The definition of terrorism is (usually) something close to violence carried out by clandestine groups against civilians in the name of some political ideal. The nature of that political ideal is not part of the definition of terrorism. This is why this Newsweek debate is really burning me. Michael Isikoff says that terrorists aligned more with foreign ideologies are more terrorist-y than those aligned with domestic ideologies. Kathy Jones even says that someone should only be labelled a terrorist if they're a foreigner or a member of a foreign group.
This all comes about because people don't want to label the guy who attacked the IRS as a terrorist. Let's see how it matches to the definition:
1) Violence? Yep.
2) Clandestine? Close enough. He's not a member of a standing military that has openly admitted its purpose, therefore, it's clandestine.
3) Civilians? Yes, IRS officials count as civilians. They're not military personnel.
4) Political purpose? Just like the IRS attacker said, he was attacking the government in the support of "liberty."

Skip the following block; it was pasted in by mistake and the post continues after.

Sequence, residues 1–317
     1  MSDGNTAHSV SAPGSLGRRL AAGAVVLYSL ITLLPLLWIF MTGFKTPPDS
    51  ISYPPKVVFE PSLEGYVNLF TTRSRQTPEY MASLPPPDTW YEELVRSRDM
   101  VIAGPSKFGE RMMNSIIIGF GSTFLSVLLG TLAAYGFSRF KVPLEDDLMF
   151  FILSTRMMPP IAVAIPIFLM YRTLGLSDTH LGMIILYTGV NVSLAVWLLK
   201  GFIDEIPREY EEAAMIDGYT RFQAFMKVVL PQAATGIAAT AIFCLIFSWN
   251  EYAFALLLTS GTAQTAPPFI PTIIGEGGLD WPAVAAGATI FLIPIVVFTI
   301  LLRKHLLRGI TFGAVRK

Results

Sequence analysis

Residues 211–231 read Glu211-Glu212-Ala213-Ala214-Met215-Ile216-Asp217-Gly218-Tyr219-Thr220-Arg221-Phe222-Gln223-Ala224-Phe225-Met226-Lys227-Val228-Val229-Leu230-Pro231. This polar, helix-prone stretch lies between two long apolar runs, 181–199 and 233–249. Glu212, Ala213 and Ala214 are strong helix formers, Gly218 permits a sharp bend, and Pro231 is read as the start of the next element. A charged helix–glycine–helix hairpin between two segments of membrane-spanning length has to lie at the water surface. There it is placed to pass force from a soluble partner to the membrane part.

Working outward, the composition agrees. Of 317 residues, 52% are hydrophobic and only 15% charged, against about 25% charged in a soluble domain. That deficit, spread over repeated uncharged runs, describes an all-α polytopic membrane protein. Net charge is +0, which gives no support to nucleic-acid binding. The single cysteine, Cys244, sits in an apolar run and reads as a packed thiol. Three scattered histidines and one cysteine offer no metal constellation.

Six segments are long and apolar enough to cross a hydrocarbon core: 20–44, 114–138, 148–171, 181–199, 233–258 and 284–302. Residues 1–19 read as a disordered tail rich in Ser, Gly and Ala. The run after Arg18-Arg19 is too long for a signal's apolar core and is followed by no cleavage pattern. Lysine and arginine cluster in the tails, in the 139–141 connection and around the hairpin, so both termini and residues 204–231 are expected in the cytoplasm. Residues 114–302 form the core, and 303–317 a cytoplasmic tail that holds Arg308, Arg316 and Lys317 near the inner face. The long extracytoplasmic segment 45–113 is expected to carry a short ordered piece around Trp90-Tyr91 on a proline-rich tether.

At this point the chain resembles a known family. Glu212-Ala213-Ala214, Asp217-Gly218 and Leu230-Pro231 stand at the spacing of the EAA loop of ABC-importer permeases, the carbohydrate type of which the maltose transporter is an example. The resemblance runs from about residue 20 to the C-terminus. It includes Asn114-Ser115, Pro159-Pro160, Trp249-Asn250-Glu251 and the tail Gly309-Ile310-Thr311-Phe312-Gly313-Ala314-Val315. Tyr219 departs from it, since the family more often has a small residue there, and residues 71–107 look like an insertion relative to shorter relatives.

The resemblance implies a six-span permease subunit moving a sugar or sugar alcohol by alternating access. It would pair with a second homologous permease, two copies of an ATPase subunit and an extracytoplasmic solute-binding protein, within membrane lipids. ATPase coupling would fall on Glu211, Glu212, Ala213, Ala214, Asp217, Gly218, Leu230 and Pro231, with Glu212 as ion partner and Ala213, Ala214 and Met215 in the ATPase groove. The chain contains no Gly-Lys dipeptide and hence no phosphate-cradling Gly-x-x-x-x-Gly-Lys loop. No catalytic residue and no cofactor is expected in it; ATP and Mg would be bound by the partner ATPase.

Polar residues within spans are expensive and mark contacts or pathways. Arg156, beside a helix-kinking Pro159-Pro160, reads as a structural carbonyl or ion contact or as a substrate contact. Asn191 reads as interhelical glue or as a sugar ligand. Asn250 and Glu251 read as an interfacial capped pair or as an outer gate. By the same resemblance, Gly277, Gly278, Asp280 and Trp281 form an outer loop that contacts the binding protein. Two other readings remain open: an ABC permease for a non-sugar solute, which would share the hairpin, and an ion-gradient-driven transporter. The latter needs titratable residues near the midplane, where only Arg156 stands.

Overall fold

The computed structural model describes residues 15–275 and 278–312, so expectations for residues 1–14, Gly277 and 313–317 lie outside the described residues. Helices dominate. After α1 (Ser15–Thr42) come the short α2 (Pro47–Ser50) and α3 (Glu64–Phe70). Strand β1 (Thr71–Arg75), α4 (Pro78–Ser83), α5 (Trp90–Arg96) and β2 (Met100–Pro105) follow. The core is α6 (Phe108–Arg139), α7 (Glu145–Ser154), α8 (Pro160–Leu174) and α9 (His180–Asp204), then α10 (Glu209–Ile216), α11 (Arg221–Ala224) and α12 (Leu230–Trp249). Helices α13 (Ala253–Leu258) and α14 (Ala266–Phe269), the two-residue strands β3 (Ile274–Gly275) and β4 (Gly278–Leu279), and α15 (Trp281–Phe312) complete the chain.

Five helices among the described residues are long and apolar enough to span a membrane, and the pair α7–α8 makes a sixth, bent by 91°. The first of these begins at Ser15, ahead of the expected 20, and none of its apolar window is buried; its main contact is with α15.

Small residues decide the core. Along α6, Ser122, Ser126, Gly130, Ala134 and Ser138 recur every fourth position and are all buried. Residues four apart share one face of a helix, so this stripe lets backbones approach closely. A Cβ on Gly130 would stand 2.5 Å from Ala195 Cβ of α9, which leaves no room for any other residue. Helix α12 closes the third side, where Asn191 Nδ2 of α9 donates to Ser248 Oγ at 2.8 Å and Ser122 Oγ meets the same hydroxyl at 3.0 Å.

That's terrorism. End of story.
As usual, Ta-Nahisi Coates has it mostly right. Redefining terrorism to only include outsiders (or those we perceive as outsiders) is to rewrite our own history, to remove blame and moral opprobrium from where it's due.
And despite what some are trying to do, this is not a left-right issue. Yes, the US has a history of right-wing domestic terrorists. However, it's had plenty of left-wing ones as well. William Ayers was once a terrorist, and so was Stack. People threatening abortion doctors are terrorists, and so are those threatening animal research workers.
Stop playing this game, and stop trying to protect those who commit such attacks just because you agree with their ideology.